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Green Mansions: A Romance of the Tropical Forest
W. H. Hudson
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There was a welcome change in the weather when I rose early next morning; the
sky was without cloud and had that purity in its colour and look of infinite distance
seen only when the atmosphere is free from vapour. The sun had not yet risen,
but old Nuflo was already among the ashes, on his hands and knees, blowing the
embers he had uncovered to a flame. Then Rima appeared only to pass through
the room with quick light tread to go out of the door without a word or even a
glance at my face. The old man, after watching at the door for a few minutes,
turned and began eagerly questioning me about my adventures on the previous
evening. In reply I related to him how the girl had found me in the forest lost and
unable to extricate myself from the tangled undergrowth.
He rubbed his hands on his knees and chuckled. "Happy for you, senor," he said,
"that my granddaughter regards you with such friendly eyes, otherwise you might
have perished before morning. Once she was at your side, no light, whether of
sun or moon or lantern, was needed, nor that small instrument which is said to
guide a man aright in the desert, even in the darkest night--let him that can
believe such a thing!"
"Yes, happy for me," I returned. "I am filled with remorse that it was all through
my fault that the poor child was exposed to such weather."
"O senor," he cried airily, "let not that distress you! Rain and wind and hot suns,
from which we seek shelter, do not harm her. She takes no cold, and no fever,
with or without ague."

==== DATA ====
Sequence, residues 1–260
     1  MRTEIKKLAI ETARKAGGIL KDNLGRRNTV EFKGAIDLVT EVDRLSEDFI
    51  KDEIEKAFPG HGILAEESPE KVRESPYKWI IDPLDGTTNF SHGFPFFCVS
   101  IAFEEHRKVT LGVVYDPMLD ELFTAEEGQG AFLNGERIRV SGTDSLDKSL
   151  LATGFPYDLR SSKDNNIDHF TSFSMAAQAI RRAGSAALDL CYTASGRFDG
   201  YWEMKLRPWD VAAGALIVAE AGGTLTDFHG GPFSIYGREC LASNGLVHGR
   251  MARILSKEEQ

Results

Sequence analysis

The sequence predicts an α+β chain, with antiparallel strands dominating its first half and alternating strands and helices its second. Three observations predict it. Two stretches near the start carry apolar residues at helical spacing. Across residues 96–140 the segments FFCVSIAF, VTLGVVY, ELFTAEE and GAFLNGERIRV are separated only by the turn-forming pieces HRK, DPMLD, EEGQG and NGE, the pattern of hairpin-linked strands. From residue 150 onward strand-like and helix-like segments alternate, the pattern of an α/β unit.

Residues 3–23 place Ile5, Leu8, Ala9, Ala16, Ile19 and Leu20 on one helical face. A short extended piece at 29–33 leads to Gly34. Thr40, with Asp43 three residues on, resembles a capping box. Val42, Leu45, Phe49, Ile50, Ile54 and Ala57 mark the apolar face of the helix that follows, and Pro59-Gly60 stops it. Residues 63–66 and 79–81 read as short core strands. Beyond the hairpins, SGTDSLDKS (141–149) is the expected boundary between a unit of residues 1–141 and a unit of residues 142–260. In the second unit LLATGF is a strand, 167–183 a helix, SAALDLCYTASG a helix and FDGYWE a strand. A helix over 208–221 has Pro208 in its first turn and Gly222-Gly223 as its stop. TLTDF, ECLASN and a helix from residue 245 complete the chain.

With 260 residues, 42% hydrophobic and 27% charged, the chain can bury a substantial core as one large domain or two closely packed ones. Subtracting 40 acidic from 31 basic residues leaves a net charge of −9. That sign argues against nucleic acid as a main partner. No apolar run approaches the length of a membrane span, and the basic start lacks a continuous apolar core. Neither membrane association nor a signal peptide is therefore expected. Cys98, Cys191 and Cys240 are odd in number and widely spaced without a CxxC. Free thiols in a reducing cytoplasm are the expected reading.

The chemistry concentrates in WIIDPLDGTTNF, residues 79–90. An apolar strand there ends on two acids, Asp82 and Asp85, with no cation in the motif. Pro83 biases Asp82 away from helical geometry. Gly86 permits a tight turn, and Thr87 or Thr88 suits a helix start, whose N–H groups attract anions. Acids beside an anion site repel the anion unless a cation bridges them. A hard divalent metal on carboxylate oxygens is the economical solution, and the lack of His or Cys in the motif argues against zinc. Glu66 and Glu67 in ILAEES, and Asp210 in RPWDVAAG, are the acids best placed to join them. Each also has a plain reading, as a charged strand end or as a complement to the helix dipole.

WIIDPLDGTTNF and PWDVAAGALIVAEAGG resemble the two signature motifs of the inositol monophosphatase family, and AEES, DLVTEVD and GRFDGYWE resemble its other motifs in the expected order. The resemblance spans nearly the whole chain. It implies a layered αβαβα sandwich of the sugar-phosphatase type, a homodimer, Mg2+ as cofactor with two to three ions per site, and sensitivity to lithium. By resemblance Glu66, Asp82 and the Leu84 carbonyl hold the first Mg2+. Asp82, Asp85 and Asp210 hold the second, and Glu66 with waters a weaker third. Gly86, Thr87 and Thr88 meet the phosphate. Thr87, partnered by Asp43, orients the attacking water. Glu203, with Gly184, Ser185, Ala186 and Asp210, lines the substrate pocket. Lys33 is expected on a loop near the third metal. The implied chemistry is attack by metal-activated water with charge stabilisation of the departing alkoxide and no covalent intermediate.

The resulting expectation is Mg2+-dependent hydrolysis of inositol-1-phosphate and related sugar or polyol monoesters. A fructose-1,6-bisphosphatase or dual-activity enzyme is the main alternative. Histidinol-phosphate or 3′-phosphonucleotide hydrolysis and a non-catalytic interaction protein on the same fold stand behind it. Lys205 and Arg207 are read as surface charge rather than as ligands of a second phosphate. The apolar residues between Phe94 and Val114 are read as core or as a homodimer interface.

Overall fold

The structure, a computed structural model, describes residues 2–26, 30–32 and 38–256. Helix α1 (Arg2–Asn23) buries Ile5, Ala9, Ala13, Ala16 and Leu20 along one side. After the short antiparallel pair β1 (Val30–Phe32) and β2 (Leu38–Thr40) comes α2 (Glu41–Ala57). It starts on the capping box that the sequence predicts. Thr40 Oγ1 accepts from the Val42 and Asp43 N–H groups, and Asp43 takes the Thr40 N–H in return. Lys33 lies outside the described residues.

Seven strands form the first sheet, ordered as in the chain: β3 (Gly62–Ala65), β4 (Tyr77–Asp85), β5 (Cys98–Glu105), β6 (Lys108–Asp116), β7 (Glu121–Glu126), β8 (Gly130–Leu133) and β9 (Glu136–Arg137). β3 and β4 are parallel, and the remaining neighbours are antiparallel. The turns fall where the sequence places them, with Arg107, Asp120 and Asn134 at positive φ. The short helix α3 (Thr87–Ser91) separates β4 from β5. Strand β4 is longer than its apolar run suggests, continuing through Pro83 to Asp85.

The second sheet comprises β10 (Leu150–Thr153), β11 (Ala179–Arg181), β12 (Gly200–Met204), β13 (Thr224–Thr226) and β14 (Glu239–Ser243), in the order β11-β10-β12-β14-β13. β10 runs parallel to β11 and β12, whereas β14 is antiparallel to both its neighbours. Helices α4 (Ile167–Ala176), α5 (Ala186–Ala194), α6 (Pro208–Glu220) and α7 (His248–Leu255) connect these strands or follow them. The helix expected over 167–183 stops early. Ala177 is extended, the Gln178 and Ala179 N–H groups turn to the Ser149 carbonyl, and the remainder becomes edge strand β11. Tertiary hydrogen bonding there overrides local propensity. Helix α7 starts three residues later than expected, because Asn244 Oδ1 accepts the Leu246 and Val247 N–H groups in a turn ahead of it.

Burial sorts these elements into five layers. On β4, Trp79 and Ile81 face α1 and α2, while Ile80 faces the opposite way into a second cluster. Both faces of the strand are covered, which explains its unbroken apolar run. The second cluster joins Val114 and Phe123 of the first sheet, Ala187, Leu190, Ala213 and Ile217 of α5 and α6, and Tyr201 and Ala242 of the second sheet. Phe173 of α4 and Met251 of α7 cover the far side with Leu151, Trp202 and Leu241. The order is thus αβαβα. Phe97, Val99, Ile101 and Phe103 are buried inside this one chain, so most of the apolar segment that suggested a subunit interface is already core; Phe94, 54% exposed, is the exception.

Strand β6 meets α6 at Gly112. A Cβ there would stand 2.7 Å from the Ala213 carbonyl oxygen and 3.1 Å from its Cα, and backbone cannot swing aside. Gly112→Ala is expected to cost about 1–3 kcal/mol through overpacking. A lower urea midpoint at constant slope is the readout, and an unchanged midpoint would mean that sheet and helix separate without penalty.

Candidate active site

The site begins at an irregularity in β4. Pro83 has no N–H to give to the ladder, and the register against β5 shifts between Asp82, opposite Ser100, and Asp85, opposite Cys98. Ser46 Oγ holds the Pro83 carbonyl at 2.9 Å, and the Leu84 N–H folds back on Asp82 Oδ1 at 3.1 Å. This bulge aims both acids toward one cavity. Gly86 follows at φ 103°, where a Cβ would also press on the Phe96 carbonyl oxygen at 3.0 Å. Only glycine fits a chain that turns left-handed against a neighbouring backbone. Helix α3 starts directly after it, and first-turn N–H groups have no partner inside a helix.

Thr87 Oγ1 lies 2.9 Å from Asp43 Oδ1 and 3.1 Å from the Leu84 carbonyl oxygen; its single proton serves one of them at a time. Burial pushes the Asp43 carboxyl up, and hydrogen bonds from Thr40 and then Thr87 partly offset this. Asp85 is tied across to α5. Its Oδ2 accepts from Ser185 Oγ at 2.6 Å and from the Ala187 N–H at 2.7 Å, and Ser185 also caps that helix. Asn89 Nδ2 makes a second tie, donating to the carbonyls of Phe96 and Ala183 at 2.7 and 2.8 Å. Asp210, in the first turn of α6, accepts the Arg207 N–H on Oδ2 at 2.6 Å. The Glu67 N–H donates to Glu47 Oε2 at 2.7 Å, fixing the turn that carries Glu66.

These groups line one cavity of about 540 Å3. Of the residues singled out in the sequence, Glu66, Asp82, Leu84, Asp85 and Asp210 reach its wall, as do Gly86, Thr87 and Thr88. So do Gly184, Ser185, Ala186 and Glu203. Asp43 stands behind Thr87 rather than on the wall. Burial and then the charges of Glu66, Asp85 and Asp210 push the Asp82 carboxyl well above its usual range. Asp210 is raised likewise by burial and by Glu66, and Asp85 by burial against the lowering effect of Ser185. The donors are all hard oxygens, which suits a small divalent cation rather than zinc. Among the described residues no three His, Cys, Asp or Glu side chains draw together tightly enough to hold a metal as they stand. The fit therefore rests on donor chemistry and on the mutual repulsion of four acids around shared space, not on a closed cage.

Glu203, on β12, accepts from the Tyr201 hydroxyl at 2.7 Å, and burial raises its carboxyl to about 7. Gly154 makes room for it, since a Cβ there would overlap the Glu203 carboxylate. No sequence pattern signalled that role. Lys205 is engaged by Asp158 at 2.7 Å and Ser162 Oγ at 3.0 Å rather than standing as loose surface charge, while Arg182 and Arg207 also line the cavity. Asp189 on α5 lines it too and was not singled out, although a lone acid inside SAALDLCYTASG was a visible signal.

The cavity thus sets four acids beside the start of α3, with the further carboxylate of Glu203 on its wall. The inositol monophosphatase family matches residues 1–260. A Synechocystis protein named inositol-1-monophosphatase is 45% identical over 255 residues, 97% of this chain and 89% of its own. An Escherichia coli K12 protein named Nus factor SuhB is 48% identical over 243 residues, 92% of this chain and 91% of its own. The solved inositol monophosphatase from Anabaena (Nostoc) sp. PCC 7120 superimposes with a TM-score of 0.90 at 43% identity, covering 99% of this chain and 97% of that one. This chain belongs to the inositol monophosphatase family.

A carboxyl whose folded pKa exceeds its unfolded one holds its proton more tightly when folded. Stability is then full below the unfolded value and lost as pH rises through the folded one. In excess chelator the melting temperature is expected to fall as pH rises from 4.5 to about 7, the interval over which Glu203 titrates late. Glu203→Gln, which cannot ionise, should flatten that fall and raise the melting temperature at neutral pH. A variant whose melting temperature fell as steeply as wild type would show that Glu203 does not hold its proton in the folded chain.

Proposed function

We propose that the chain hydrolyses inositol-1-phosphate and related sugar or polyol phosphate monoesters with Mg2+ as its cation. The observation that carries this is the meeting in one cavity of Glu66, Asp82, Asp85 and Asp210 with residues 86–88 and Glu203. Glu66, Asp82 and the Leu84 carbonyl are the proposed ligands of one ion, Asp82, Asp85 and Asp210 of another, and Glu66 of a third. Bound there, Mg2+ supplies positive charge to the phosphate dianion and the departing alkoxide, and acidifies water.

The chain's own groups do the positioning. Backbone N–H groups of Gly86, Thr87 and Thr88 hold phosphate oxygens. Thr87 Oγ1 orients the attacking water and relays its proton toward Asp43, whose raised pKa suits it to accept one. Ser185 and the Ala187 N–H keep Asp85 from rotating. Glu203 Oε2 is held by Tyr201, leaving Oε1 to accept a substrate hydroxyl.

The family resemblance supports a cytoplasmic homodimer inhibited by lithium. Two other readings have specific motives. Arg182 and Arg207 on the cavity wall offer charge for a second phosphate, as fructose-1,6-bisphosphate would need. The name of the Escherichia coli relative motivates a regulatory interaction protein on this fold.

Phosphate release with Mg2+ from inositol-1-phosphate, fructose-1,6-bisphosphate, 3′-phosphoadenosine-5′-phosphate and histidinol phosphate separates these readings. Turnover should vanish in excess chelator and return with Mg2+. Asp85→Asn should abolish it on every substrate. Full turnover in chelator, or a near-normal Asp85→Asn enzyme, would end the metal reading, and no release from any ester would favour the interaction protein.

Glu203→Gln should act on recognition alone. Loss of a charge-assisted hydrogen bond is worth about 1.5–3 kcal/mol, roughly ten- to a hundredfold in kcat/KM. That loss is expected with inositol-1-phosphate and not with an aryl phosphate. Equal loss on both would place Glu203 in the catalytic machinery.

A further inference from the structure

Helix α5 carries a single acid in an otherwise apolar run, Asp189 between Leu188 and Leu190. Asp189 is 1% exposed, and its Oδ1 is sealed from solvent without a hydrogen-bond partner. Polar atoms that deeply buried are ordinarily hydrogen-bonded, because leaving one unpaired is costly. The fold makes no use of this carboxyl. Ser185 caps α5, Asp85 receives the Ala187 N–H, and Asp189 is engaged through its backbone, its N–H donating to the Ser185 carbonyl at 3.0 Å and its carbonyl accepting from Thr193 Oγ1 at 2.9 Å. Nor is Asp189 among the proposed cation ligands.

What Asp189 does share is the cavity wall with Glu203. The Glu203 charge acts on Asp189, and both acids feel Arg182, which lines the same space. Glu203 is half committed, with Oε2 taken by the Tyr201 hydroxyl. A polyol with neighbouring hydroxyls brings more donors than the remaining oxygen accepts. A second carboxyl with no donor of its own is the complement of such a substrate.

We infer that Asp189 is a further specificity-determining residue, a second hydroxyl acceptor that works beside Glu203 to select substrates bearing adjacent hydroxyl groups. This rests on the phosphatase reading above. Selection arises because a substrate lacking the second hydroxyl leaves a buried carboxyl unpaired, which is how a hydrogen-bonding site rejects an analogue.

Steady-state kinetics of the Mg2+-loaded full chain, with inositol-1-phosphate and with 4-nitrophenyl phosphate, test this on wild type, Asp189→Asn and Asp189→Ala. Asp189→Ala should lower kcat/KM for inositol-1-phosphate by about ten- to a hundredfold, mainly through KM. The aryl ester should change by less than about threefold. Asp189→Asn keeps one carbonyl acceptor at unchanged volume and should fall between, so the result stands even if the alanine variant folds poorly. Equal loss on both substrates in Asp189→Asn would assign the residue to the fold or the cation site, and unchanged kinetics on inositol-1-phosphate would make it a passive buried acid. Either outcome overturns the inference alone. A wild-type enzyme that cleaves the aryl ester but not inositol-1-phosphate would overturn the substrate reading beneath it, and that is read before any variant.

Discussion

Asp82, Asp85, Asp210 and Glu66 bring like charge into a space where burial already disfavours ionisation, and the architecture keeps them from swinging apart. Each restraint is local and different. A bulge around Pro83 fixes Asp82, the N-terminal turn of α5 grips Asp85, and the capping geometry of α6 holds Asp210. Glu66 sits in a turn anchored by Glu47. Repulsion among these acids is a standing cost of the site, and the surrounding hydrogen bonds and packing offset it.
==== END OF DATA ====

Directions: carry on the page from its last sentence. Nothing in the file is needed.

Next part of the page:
After some further conversation I left him to steal away unobserved on his own
account, and set out for a ramble in the hope of encountering Rima and winning
her to talk to me.
My quest did not succeed: not a glimpse of her delicate shadowy form did I catch
among the trees; and not one note from her melodious lips came to gladden me.
At noon I returned to the house, where I found food placed ready for me, and
knew that she had come there during my absence and had not been forgetful of
my wants. "Shall I thank you for this?" I said. "I ask you for heavenly nectar for
the sustentation of the higher winged nature in me, and you give me a boiled
sweet potato, toasted strips of sun-dried pumpkins, and a handful of parched
maize! Rima! Rima! my woodland fairy, my sweet saviour, why do you yet fear
me? Is it that love struggles in you with repugnance? Can you discern with clear
spiritual eyes the grosser elements in me, and hate them; or has some false
imagination made me appear all dark and evil, but too late for your peace, after
the sweet sickness of love has infected you?"
But she was not there to answer me, and so after a time I went forth again and
seated myself listlessly on the root of an old tree not far from the house. I had sat
there a full hour when all at once Rima appeared at my side. Bending forward,
she touched my hand, but without glancing at my face; "Come with me," she
said, and turning, moved swiftly towards the northern extremity of the forest. She
seemed to take it for granted that I would follow, never casting a look behind nor
pausing in her rapid walk; but I was only too glad to obey and, starting up, was